Validation of the Diabetes Obstacles Questionnaire (DOQ) to assess obstacles in living with type 2 diabetes in a Belgian population
Faculty of Medicine and Health Sciences
Primary care diabetes. - Place of publication unknown
, p. 43-47
University of Antwerp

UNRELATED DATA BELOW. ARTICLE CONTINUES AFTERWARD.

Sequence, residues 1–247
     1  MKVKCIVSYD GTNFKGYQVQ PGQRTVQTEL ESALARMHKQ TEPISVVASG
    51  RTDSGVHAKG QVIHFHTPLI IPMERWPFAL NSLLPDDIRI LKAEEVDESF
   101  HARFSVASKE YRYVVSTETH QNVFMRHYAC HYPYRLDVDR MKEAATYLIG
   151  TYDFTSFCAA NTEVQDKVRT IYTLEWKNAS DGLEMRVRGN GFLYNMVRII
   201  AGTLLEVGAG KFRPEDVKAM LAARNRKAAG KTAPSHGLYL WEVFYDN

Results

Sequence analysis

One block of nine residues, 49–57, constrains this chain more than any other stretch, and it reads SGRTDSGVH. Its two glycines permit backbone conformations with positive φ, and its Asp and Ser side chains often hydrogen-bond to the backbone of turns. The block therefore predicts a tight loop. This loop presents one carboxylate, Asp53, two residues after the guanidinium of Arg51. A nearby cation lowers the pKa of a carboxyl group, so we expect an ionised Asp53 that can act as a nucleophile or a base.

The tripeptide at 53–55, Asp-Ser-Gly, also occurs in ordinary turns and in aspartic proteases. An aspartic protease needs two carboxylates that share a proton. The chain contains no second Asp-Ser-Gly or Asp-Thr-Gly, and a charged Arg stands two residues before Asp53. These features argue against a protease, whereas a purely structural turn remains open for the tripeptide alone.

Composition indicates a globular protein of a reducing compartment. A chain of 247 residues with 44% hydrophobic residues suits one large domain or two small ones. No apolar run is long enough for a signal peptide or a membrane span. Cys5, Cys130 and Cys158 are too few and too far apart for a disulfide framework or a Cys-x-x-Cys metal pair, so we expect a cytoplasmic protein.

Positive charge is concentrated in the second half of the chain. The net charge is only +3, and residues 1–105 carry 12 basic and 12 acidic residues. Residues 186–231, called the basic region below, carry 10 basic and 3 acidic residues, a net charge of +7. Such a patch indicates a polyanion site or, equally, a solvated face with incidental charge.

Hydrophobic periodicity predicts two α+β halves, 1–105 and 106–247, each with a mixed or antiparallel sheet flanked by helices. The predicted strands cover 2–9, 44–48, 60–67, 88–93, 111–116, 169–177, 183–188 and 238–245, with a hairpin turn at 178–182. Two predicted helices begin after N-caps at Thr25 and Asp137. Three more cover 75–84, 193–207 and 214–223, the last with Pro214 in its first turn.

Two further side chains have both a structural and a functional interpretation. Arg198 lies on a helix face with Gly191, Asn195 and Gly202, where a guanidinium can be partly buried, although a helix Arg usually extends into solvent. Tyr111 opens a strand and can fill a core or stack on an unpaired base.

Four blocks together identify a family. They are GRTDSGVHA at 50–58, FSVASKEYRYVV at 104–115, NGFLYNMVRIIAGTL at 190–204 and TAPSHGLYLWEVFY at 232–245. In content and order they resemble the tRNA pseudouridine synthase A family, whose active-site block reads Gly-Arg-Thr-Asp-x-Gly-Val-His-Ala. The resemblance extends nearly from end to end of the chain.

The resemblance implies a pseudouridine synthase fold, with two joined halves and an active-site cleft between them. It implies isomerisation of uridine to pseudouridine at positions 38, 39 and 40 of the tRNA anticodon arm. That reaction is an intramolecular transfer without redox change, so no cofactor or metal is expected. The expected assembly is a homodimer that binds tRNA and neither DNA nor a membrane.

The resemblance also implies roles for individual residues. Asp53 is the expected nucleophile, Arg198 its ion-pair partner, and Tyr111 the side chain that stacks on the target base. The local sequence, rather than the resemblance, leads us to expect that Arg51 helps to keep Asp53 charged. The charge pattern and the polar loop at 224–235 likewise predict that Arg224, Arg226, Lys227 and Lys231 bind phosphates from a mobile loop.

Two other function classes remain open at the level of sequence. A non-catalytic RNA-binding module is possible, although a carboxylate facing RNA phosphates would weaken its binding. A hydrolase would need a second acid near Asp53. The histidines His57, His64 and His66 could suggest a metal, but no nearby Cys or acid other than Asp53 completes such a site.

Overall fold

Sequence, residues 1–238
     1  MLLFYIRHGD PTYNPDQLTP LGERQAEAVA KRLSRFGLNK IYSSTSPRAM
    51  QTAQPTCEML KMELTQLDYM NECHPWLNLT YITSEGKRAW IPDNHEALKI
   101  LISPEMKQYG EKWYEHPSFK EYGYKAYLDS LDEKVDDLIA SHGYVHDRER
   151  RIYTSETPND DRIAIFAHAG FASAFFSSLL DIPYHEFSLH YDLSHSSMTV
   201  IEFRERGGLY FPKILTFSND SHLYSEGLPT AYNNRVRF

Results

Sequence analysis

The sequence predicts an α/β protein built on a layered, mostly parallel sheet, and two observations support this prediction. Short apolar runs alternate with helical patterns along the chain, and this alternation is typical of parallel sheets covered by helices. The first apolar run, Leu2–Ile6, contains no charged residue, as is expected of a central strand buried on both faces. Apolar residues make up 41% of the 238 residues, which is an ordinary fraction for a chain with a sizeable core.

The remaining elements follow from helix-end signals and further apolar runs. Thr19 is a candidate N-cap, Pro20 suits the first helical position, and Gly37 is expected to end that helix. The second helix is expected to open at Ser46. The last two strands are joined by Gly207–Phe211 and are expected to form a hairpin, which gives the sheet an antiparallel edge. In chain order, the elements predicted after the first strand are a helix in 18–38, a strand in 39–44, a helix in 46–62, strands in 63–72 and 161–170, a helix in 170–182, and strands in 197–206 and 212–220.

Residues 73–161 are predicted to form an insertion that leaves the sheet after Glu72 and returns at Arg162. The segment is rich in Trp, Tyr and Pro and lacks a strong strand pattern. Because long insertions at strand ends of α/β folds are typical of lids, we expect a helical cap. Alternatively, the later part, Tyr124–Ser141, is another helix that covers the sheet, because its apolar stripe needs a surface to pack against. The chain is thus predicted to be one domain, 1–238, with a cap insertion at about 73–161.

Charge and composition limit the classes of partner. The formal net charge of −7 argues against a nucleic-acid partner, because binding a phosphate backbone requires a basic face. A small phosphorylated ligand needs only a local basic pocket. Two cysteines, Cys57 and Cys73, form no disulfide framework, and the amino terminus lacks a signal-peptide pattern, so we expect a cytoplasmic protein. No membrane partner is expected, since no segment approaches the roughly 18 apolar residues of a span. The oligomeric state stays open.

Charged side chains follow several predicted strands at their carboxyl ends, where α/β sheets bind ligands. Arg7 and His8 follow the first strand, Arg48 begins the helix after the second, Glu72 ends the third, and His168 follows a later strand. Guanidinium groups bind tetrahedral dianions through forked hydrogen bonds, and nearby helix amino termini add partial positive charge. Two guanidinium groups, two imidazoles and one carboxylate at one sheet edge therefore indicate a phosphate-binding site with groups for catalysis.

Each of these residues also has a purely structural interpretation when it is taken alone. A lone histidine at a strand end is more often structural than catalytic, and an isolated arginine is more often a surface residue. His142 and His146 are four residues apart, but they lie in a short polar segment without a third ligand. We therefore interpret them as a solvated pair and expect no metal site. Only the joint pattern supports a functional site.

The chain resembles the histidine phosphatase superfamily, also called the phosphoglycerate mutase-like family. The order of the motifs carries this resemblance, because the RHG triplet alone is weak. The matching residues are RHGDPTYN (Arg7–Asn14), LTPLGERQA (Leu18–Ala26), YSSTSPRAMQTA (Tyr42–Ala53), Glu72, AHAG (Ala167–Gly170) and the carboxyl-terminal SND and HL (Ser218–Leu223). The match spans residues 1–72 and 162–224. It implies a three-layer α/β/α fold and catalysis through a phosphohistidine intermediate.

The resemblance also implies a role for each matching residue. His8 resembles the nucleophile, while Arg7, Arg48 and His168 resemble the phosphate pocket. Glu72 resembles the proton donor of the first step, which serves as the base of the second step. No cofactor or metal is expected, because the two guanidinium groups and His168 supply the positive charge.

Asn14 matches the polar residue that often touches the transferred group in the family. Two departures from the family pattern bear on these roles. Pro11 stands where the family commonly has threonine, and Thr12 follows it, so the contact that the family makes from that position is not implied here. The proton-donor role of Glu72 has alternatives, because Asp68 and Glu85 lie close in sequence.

Aims The aim of this study was to validate the Dutch version of the Diabetes Obstacles Questionnaire (DOQ) [H. Hearnshaw, K. Wright, J. Dale, J. Sturt, E. Vermeire, P. Van Royen, Development and validation of the Diabetes Obstacles Questionnaire (DOQ) to assess obstacles in living with Type 2 diabetes, Diabetic Med. 24 (2007) 878882] assessing people living with type 2 diabetes obstacles to adhere to treatment recommendations. The goal is to have at one's disposal an instrument to identify obstacles to adhering to treatment recommendations for people living with type 2 diabetes in a Dutch speaking population. Methods Participants were recruited from a pragmatic sample of general practices in Flanders (Belgium). In accordance with the validation procedure in the UK [H. Hearnshaw, K. Wright, J. Dale, J. Sturt, E. Vermeire, P. Van Royen, Development and validation of the Diabetes Obstacles Questionnaire (DOQ) to assess obstacles in living with Type 2 diabetes, Diabetic Med. 24 (2007) 878882], responders also completed the Dutch version of a quality of life questionnaire (ADDQoL) [C. Bradley, C. Todd, T. Gorton, E. Symonds, A. Martin, R. Plowright, The development of an individualised questionnaire measure of perceived impact of diabetes on quality of life: the ADDQoL. Qual. Life Res. 8 (1999) 7991] and the Problem Areas in Diabetes (PAID) scale as golden standard [G. Welch, A.M. Jacobson, W.H. Polowsky, The Problem Areas in Diabetes (PAID) scale. An evaluation of its utility. Diabetes Care 20 (1997) 760766]. Some biomedical variables such as HbA1c were collected also. Results Each scale showed sufficient reliability with Cronbach's alpha (>0.76). Each subscale had a factor structure of no more than 4, and a KaiserMeyerOlkin measure of 0.75. Criterion validity was shown by significant correlation with the PAID and construct validity by a correlation with HbA1c. Construct validity has also been shown by significant correlations between ADDQoL and the DOQ Obstacles of Lifestyle changes scale. Conclusions The Dutch version of the DOQ is a feasible and valid instrument for the assessment of obstacles to adherence to treatment recommendations in people living with type 2 diabetes.